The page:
Crucial decisions are a constant challenge for professionals. Not only is the impact of a major decision potentially far-reaching, but the lead-up to making the decision can be exhausting. However, as entrepreneurs, sometimes there’s simply no way to defer a decision to someone else within the company. The final choice is often yours, and yours alone.
This can result in stress, which can potentially harm how people see the world or their ability to pursue their aspirations. However, there are ways to better approach decision making. To find out more, we asked members of Young Entrepreneur Council the following:
Q. Important decisions can be stressful. What is one way people can make the choices they need to without potentially exhausting themselves?
Here is their advice on how you can make essential decisions without giving in to emotional exhaustion.
1. Exercise and Write Things Down
The mind is powerful and, depending on your mental state, you could be making good or bad decisions at that time. I evaluate any major decision across a few days to make sure I am not stuck mentally from seeing something I might have missed before. Keep a running pros and cons list and make sure to get some exercise to clear your mind! The decision becomes easier the more time you spend on it. – Jeff Keenan, LeadsRx
2. Deal With It First
For big decisions, we often feel that we need our entire 100 percent focus to make that decision. This often never happens, and we are left making a last-second decision. It’s best to make stressful choices first thing in the morning. Write it out as a to-do list item and deal with it when you are fresh in the morning. Otherwise, you let the stress of making that decision bleed into other tasks. – Jason Khoo, Zupo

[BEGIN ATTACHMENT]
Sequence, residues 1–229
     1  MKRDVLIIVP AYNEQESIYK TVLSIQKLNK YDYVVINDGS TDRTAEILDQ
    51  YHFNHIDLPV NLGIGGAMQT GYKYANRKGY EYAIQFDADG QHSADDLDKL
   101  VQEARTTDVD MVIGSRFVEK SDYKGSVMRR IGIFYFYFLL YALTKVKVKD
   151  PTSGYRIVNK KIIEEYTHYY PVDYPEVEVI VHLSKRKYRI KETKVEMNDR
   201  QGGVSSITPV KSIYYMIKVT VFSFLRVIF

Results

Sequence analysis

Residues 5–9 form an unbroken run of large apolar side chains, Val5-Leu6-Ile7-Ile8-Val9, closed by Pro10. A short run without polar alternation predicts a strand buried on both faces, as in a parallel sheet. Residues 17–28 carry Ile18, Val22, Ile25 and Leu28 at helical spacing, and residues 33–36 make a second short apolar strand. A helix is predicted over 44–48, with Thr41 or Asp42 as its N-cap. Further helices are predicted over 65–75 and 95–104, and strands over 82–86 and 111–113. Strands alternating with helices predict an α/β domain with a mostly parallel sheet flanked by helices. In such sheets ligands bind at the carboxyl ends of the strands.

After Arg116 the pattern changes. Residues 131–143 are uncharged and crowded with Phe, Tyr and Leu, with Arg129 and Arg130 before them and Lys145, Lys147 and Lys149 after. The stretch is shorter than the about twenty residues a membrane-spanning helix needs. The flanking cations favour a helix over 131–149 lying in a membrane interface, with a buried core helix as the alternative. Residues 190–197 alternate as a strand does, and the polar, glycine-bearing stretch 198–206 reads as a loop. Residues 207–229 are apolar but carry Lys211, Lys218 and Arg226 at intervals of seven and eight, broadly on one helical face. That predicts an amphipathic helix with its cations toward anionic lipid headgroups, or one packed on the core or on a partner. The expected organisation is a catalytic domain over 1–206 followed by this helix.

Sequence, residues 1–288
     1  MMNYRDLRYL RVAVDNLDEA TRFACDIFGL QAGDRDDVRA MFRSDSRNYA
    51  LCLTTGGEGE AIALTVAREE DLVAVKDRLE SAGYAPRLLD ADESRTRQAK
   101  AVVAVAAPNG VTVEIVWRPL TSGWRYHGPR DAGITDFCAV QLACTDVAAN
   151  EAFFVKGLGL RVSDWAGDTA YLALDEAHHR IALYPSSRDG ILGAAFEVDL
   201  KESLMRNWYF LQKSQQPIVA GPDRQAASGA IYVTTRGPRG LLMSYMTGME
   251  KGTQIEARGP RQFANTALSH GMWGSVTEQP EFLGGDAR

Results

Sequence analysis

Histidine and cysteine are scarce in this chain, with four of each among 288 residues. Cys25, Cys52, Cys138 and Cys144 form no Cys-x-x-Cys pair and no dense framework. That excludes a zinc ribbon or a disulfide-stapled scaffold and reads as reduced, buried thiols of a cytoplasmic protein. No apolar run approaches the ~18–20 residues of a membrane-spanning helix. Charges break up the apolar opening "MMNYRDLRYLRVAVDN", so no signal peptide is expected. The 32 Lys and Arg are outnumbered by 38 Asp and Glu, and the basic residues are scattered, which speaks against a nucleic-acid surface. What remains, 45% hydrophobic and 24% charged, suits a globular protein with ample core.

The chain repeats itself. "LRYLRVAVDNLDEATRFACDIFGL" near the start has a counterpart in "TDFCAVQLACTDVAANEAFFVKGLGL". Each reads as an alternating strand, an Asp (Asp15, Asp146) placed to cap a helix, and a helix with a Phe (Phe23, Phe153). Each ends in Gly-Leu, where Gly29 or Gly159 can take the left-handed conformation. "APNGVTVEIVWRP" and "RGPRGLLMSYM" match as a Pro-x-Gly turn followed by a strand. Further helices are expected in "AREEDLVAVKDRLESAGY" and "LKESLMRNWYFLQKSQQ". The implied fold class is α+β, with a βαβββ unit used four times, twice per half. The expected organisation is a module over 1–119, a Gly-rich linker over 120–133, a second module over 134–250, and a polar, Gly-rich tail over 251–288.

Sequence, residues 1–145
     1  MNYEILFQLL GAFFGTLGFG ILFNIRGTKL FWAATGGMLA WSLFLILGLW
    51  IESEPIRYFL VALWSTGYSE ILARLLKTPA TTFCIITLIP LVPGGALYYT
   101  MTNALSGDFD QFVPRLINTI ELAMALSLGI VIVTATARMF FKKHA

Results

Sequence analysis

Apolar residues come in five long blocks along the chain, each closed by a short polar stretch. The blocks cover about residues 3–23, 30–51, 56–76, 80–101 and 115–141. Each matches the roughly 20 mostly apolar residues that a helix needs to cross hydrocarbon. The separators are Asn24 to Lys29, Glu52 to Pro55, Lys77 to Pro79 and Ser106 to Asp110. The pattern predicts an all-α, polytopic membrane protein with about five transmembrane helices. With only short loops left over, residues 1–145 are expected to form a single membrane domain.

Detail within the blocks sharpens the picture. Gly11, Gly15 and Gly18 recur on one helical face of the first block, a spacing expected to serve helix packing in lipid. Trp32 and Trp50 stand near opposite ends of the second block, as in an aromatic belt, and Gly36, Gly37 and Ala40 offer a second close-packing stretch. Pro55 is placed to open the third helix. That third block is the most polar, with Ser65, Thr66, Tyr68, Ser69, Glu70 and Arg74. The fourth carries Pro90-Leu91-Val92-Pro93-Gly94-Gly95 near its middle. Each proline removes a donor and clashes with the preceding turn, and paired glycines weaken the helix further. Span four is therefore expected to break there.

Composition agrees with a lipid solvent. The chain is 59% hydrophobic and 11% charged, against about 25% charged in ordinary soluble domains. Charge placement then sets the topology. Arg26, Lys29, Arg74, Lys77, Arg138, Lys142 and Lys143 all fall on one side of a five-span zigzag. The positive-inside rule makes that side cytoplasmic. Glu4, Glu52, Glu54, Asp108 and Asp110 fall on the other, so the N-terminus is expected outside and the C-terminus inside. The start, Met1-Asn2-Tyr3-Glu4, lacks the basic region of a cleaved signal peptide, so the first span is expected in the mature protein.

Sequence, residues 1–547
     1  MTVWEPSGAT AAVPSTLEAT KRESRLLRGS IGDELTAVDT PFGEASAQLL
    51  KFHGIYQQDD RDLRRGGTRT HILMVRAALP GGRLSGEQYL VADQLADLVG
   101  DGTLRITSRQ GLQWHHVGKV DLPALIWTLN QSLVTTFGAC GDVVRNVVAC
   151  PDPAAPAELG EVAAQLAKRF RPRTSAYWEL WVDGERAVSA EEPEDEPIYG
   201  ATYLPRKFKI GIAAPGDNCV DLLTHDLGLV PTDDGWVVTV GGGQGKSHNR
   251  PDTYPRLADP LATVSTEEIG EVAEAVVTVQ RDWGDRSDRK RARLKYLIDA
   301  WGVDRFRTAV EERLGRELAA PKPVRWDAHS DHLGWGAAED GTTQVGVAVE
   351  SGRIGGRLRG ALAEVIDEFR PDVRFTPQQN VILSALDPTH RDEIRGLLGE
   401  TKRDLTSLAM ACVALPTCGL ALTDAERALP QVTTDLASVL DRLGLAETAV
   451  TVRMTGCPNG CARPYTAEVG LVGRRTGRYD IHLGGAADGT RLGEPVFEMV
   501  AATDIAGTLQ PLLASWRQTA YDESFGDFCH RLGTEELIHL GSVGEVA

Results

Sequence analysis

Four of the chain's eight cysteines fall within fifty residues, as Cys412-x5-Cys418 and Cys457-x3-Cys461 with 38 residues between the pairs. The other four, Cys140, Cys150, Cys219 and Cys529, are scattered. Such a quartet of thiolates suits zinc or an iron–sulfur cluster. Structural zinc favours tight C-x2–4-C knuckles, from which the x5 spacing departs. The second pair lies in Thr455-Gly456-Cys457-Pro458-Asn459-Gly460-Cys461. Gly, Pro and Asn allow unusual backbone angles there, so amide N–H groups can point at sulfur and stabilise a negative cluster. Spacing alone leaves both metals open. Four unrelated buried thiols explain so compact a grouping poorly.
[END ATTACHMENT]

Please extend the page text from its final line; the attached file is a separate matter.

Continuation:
3. Have a Decision-Making Plan
Have a pre-planned decision-making formula and follow it. For example, make a pros and cons list or try the six-hat solution. When you have a method on hand, you won’t have to worry about how you will make a difficult decision and you can avoid potential exhaustion. – Diego Orjuela, Cables & Sensors
4. Ask Your Trusted Network
Making important decisions can be stressful, for sure, but it’s generally less stressful if you don’t make the decision alone. Anytime I have important decisions to make, I usually go out to my trusted network for advice and direction. It helps immensely to get varying opinions and feedback, as well as have their support. Your trusted network is key for so many reasons, but especially here. – Erin Blaskie, Fellow.app
5. Set a Time Limit for Data Gathering
I find that the most exhausting part of making decisions is data gathering. I tend to spend too much time seeking out all the possible data points that could affect my decision while stressing out and worrying that I haven’t gathered all the data I could. I’ve found it helpful to set a time limit on my data gathering and then make the best decision I can based on what I’ve found. – Keith Shields, Designli
6. Define Your Values in Advance
It’s well documented that decision-making exhausts one’s willpower. The key to making good decisions repeatedly and without exhausting yourself is to know what matters ahead of time. This means defining your values and priorities. When you know what’s important to you, it will take you less time to make a decision and you’ll feel less exhausted. – Blair Williams, MemberPress
7. Reduce the Cost of Changing Your Mind
Software developers have this question figured out. They talk about creating a minimum viable product, then getting it in front of users to get real feedback about if it meets their needs. The MVP approach assumes they won’t make great decisions at first, but it gives them the power to rapidly adjust to feedback. You can use this approach in a wide variety of situations once you understand it. – Yaniv Masjedi, Nextiva